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Thursday, December 10, 2009

The Truth About Declawing

Many cat guardians rarely give serious consideration to the impacts of declawing. Declawing is never performed in the interest of the cat. Some people choose to declaw their cat because they are worried about being scratched, while others feel that a declawed cat is easier to live with. Shockingly, the primary reason most people give for choosing to declaw their cat(s) is to protect their furnishings. However, as people become more educated about the pain and complications associated with this unnecessary and cruel procedure, declawing is no longer the de rigueur of cat companionship.

It is often wrongly assumed that declawing is a simple surgery whereby a cat’s nails are merely removed. Declawing, or what is known in medical terms as an onychectomy, is a painful and debilitating operation that requires a thirty-six hour hospital stay and permanently deforms a cat. The dismembering procedure involves the amputation of the last bone of each cat's toe, similar to cutting off every finger on a human hand up to the last knuckle. In addition to the bone, the tendons, nerves and muscles that allow for normal paw function are severed.

Declawing can actually lead to behavioral problems such as increased biting (because cats feel more defenseless without their claws), and litter box avoidance (because scratching in a litter box may now hurt their paws). These two behavioral problems are the most commonly cited reasons for why cat guardians relinquish their cats, thereby also increasing the likelihood of them being euthanized. Many humane societies have a “no-declaw policy” because they have seen a low adoption success rate for cats who have been declawed due to their biting and house soiling. Consequently, cat guardians who surrender their cats due to these behavioral problems actually contributed to, if not caused, their cat’s problems in the first place by declawing them. Furthermore, should a declawed cat find herself abandoned on the streets, she is now helpless to defend herself without her claws.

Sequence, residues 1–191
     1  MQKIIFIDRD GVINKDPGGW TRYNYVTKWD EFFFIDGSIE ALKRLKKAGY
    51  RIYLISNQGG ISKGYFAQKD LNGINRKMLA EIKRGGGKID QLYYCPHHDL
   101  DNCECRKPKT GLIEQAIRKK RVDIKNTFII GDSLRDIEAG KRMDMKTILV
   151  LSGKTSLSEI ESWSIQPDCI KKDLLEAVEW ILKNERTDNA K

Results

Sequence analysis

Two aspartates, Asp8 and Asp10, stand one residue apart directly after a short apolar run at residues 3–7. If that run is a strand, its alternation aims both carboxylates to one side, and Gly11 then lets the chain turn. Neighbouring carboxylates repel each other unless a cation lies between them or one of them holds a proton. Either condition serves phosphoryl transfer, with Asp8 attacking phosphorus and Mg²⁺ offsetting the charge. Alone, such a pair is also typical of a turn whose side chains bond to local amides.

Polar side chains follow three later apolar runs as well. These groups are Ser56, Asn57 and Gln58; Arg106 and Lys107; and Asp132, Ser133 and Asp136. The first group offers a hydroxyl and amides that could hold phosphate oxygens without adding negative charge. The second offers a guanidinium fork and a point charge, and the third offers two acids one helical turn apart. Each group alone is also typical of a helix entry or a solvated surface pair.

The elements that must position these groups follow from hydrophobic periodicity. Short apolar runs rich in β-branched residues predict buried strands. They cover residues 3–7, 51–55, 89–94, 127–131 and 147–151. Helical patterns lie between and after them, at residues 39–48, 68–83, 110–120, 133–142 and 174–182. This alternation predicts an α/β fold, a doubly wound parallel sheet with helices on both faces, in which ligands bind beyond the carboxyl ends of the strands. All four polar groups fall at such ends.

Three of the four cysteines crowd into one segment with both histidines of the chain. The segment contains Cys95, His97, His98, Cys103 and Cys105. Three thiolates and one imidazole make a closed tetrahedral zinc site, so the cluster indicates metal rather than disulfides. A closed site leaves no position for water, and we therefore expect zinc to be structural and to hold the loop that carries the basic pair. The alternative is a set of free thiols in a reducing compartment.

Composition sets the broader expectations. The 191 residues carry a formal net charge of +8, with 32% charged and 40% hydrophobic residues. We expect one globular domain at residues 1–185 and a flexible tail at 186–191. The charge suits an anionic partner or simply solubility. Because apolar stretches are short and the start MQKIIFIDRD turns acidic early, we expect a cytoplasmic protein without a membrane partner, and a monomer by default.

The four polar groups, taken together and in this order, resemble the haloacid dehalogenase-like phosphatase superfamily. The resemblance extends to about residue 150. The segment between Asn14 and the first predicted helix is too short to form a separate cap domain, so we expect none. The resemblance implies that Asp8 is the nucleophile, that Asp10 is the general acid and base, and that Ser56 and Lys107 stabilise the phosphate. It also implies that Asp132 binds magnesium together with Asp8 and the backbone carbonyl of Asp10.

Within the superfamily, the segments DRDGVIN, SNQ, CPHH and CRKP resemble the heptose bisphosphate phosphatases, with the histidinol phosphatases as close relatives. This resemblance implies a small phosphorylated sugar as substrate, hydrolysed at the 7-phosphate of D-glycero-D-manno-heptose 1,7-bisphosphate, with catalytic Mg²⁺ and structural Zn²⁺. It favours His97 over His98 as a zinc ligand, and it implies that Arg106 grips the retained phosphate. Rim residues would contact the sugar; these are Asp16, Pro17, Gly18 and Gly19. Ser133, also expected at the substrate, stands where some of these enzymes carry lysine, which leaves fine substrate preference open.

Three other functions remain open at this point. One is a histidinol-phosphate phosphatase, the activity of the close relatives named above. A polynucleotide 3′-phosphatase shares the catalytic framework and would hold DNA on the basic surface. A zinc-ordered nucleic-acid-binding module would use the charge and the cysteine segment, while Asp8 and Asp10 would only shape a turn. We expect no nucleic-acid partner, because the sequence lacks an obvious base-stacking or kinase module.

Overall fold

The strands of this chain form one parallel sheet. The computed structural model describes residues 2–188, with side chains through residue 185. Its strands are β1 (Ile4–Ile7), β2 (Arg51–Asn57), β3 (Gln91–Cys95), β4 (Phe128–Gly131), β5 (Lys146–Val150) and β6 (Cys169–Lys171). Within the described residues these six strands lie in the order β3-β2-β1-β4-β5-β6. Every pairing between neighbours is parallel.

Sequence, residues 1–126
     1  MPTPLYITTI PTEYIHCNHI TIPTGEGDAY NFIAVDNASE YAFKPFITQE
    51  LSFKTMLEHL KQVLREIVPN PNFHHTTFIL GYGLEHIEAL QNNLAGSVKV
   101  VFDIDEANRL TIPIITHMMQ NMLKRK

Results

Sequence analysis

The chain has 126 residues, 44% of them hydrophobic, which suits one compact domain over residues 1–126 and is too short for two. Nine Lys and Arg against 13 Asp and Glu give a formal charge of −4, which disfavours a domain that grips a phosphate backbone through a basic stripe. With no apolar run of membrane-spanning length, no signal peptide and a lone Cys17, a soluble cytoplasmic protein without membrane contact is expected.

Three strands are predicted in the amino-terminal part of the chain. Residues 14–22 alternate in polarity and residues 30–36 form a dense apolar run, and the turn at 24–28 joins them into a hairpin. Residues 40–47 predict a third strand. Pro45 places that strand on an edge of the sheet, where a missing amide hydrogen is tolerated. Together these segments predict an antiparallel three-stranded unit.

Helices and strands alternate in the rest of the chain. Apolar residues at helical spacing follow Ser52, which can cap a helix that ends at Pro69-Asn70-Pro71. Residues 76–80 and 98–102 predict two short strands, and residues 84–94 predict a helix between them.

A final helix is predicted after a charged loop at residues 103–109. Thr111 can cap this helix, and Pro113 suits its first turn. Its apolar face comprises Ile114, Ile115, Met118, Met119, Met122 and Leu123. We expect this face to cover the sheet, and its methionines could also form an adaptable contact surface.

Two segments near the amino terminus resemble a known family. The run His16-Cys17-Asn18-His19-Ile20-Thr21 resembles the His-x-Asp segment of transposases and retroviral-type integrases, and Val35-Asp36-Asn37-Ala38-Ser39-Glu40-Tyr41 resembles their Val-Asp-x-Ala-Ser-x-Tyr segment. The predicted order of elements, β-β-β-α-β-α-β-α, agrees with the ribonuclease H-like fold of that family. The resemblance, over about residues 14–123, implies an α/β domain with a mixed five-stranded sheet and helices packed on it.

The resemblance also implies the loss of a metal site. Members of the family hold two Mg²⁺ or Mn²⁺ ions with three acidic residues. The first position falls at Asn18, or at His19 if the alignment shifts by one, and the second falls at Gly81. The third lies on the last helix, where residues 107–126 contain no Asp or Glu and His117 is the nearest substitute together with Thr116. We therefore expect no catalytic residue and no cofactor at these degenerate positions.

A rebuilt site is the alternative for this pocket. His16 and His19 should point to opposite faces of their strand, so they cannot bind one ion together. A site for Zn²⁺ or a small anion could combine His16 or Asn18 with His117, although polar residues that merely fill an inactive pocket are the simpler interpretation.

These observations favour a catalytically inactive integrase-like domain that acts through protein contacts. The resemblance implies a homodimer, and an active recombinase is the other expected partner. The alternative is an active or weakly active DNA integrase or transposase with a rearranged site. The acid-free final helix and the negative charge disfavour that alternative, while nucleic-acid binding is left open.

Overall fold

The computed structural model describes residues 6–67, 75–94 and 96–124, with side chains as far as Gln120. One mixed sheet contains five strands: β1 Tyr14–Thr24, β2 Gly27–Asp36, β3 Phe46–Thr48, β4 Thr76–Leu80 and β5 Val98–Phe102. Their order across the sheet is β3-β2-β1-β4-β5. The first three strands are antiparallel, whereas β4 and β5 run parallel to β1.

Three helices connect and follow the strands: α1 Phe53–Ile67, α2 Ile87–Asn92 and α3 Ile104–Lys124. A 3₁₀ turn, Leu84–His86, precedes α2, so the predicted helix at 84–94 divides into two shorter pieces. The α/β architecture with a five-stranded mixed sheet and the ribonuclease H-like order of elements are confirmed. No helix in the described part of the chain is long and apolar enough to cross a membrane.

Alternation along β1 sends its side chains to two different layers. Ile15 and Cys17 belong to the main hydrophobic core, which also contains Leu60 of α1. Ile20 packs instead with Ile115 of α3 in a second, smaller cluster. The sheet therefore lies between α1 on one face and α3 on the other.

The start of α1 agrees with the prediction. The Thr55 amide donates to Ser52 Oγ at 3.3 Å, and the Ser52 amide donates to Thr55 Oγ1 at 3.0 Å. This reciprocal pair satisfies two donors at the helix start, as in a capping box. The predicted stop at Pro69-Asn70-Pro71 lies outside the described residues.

Cats are proud animals who instinctively try to hide their pain since they perceive themselves to be at greater risk in a weakened position. Just because a cat may not be showing symptoms doesn’t mean he isn’t suffering. Physical drawbacks to declawing include pain, infection, lameness, back pain and joint stiffness, which may also contribute to weight gain since declawed cats are more reluctant to walk, play or climb. Declawing also affects a cat’s ability to balance properly as declawing drastically alters the structure of their feet. As a result, they often have to relearn to walk, much as a person would after losing one’s toes. There can also be a regrowth of improperly removed claws, nerve damage and bone spurs. Deprived of their primary form of defense, declawed cats may also become more nervous, fearful and aggressive. Their personalities have been known to change, as well, after this brutal procedure. And, as with any surgery, there is always a risk of death.

Declawing is illegal in many countries because it is considered torture. Entire countries including England, France, Germany, Australia, Israel, Ireland, Switzerland, Austria, and Norway, among many others, have enacted laws banning or severely restricting declawing surgeries. In the United States, the city of West Hollywood has banned declawing of animals within the city borders and the San Francisco Board of Supervisors adopted a resolution condemning declawing and urging veterinarians to drop the procedure. Many veterinarians have refused to perform the surgery because they feel an obligation to do what is best for the animal and not the animal’s guardian, however, many vets still perform the procedure without questioning its necessity. Unfortunately, many vets also choose not to discuss the procedure, possible complications or available non-surgical alternatives with cat guardians.

Scratching is a normal cat behavior that cats exercise to maintain the condition of their nails and to mark their territory. There are humane alternatives to declawing to alleviate problems with scratching; chiefly trimming a cat’s nails regularly to keep them dull. Placing scratching posts in strategic areas throughout the home and making them fun places to hang out with toys and catnip are also effective in helping cats keep off the furniture. There is also double-sided tape, such as Paws Off, that can be stuck to furniture as a deterrent.

The Humane Society of the United States, People for the Ethical Treatment of Animals (PETA), and the American Society for the Prevention of Cruelty to Animals (ASPCA) all discourage declawing and similar surgeries (tendonectomies) because of the extreme pain and suffering these surgeries cause cats. As guardians of these mysterious and wonderful animals, we owe it to them to make decisions that are in their best interests, not ours. An educated guardian is truly a companion animal’s best friend.

1 comment:

Anonymous said...

When I worked at a vet's office I saw the declawed cats after surgery. It was horrific...The screaming and all the blood! The blood was everywhere! Splattered on the sides and top of the cage, and the bedding. The bandages soaked through with blood...And the look in the cats' eyes-I'll never forget.
They were in so much pain they couldn't stand up but writhed around like fish out of water; screaming.

Declawing should be illegal everywhere.